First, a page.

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College Football Bowl Preview Part 2: Sizing Up the Big 6 Bowls 3

Posted on December 30, 2015 by Jim Hurley
The health of Michigan State quarterback Connor Cook could be a big factor in their Cotton Bowl game against Alabama.

The health of Michigan State quarterback Connor Cook could be a big factor in their Cotton Bowl game against Alabama.

The biggest college football games of the season are here! The six major bowl games will run on December 31-January 1, with the two biggest—the Playoff semifinals situated within the New Year’s Eve schedule. Whether you wager or simply want to watch, our job is to have you ready.

With that in mind, we’ve compiled the “Tale of The Tape”, a concise snapshot of all six games. It’s not comprehensive—if you actually plan to bet, this is a starting point not a finishing point. But it will provide the framework for an enjoyable (and profitable, if you’re so inclined) run of watching games.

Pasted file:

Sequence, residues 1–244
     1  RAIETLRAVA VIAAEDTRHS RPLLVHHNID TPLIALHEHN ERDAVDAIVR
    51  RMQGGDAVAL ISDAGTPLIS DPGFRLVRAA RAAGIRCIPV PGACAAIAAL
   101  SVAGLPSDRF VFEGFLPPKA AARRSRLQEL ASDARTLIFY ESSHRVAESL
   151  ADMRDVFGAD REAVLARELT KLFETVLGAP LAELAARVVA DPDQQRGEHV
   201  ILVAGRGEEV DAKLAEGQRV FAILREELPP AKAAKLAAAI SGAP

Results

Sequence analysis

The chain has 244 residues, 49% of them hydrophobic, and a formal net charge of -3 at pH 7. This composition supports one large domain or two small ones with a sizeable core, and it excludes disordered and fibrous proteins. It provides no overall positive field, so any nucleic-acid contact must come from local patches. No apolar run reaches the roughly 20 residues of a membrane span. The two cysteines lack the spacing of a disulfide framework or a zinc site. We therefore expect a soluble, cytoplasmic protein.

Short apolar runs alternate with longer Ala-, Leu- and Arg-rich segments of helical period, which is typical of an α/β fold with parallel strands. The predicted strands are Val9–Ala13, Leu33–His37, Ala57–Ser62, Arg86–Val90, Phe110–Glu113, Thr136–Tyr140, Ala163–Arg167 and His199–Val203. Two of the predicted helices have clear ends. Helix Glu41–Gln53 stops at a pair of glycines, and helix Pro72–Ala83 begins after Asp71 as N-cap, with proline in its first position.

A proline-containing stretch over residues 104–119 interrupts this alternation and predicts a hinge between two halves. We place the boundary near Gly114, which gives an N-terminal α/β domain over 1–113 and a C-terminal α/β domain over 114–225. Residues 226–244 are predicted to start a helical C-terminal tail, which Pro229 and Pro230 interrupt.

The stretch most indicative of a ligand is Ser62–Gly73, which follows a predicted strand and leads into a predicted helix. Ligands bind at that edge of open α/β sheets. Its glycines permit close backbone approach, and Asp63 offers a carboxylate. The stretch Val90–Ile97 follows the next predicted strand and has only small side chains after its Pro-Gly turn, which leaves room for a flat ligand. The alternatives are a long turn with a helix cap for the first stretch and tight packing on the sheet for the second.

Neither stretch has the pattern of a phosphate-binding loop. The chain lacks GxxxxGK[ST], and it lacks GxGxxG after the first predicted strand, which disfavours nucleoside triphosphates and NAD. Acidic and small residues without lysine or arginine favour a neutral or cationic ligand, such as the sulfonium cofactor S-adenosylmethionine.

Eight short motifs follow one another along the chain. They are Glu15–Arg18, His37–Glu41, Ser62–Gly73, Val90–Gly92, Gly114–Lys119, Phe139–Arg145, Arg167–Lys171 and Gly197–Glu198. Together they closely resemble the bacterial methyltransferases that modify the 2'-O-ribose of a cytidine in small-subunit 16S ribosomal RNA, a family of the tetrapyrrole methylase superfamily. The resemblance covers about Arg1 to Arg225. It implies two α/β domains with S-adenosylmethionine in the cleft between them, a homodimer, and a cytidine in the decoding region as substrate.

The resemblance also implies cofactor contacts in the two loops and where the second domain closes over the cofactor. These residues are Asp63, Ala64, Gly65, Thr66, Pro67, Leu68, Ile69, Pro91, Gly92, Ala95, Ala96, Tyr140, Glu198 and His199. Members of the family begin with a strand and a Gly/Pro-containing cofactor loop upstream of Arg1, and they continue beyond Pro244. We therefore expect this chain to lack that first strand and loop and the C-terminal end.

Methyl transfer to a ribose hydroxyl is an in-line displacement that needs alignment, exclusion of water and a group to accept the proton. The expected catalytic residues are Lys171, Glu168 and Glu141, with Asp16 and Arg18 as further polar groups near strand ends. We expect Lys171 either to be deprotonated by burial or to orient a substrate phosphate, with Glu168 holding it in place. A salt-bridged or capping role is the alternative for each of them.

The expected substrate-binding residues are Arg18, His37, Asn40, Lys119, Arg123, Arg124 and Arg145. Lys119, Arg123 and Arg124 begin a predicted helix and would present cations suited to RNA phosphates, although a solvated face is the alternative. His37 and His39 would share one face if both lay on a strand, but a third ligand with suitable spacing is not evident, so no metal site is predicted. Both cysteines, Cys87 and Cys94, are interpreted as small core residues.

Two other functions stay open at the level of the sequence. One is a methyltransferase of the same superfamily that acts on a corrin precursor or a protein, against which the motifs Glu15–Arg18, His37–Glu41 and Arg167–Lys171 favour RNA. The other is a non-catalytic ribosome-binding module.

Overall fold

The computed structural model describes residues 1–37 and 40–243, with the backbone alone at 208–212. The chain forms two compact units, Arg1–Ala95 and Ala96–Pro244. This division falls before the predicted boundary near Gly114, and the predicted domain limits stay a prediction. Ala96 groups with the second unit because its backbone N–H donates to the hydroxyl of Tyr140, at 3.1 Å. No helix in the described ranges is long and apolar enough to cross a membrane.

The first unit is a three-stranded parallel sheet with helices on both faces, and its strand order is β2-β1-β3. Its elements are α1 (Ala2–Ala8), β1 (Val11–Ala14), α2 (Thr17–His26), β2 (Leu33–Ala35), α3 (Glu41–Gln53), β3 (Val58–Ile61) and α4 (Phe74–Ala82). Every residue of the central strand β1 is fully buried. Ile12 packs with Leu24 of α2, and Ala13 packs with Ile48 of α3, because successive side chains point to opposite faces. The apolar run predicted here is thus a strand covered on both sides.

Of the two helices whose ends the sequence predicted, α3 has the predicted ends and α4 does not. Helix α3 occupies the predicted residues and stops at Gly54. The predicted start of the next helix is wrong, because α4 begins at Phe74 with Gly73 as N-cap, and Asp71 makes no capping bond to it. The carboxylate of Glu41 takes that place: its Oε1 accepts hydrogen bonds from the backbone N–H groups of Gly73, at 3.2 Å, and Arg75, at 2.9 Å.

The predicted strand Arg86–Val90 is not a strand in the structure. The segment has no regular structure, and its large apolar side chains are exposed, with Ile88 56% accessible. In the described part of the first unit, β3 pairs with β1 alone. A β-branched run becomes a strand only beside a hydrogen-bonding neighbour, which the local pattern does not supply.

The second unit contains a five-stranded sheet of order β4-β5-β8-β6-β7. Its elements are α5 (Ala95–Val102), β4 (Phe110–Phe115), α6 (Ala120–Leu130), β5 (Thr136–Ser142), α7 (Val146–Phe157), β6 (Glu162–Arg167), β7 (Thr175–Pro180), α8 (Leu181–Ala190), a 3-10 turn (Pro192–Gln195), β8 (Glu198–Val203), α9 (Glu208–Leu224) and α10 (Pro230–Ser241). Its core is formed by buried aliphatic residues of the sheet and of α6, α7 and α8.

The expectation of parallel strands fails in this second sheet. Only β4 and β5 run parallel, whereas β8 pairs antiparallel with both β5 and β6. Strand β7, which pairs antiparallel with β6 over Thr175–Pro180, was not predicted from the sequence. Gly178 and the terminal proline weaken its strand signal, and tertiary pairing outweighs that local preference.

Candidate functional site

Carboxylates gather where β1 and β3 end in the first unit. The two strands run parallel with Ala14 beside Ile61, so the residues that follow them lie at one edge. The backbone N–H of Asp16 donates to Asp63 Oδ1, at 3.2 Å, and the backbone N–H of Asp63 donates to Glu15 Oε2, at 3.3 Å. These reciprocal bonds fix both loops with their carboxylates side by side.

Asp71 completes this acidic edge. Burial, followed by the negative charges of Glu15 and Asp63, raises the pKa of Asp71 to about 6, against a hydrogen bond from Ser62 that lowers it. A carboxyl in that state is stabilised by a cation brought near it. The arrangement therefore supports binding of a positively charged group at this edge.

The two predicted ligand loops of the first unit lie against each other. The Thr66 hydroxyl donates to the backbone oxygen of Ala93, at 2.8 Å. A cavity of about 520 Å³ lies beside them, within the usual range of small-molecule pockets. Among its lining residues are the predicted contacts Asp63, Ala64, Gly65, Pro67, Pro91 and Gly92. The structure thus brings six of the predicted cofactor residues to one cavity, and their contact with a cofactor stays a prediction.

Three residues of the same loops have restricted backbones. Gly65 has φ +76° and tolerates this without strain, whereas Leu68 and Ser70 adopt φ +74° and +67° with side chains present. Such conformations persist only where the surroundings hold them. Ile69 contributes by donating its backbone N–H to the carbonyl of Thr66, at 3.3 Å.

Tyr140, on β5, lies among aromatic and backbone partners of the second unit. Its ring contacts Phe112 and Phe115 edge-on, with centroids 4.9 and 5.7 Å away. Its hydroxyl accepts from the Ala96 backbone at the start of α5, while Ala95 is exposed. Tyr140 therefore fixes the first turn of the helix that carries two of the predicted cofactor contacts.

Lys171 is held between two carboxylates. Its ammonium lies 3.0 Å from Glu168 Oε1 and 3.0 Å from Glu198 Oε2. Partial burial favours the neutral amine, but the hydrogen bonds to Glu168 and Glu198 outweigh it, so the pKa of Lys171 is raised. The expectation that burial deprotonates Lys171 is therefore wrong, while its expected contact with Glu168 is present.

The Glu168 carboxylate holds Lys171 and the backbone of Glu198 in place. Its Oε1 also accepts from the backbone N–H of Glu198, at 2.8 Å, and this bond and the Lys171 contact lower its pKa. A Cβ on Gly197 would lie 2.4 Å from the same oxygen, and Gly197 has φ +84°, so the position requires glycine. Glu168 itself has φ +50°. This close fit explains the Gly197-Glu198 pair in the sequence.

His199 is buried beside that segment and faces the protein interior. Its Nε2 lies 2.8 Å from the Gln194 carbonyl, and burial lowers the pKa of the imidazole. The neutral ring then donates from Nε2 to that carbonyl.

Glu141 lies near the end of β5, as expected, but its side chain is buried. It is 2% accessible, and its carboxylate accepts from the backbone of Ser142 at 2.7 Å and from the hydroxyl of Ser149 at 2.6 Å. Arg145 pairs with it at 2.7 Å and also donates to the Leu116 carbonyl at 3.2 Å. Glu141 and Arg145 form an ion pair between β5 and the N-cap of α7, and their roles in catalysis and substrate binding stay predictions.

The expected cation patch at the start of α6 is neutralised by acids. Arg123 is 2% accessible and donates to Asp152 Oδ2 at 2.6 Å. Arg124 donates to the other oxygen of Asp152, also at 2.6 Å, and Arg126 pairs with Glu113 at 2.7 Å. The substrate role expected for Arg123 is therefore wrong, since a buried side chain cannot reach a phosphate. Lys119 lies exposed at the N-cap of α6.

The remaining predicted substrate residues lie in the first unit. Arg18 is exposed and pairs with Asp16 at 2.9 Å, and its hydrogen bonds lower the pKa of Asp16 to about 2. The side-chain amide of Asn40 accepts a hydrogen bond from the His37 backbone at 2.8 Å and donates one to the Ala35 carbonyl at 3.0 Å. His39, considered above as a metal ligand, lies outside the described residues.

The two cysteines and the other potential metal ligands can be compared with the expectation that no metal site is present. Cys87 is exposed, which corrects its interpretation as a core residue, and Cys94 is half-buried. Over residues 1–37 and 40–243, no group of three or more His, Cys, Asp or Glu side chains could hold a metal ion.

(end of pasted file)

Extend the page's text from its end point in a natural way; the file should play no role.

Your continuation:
Our tale of the tape includes…

*The basics of W-L record and most importantly, strength of schedule. The latter has to be a significant factor in how you weigh every other piece of data. Some of us rely on complex computer models to do it, others just keep it in the back of their mind. Just make sure you keep it in mind.

*Each team’s national ranking on offense and defense, as measured by points allowed.

*The basic stats of each team’s quarterback—their completion percentage, yards-per-attempt and TD/INT ratio.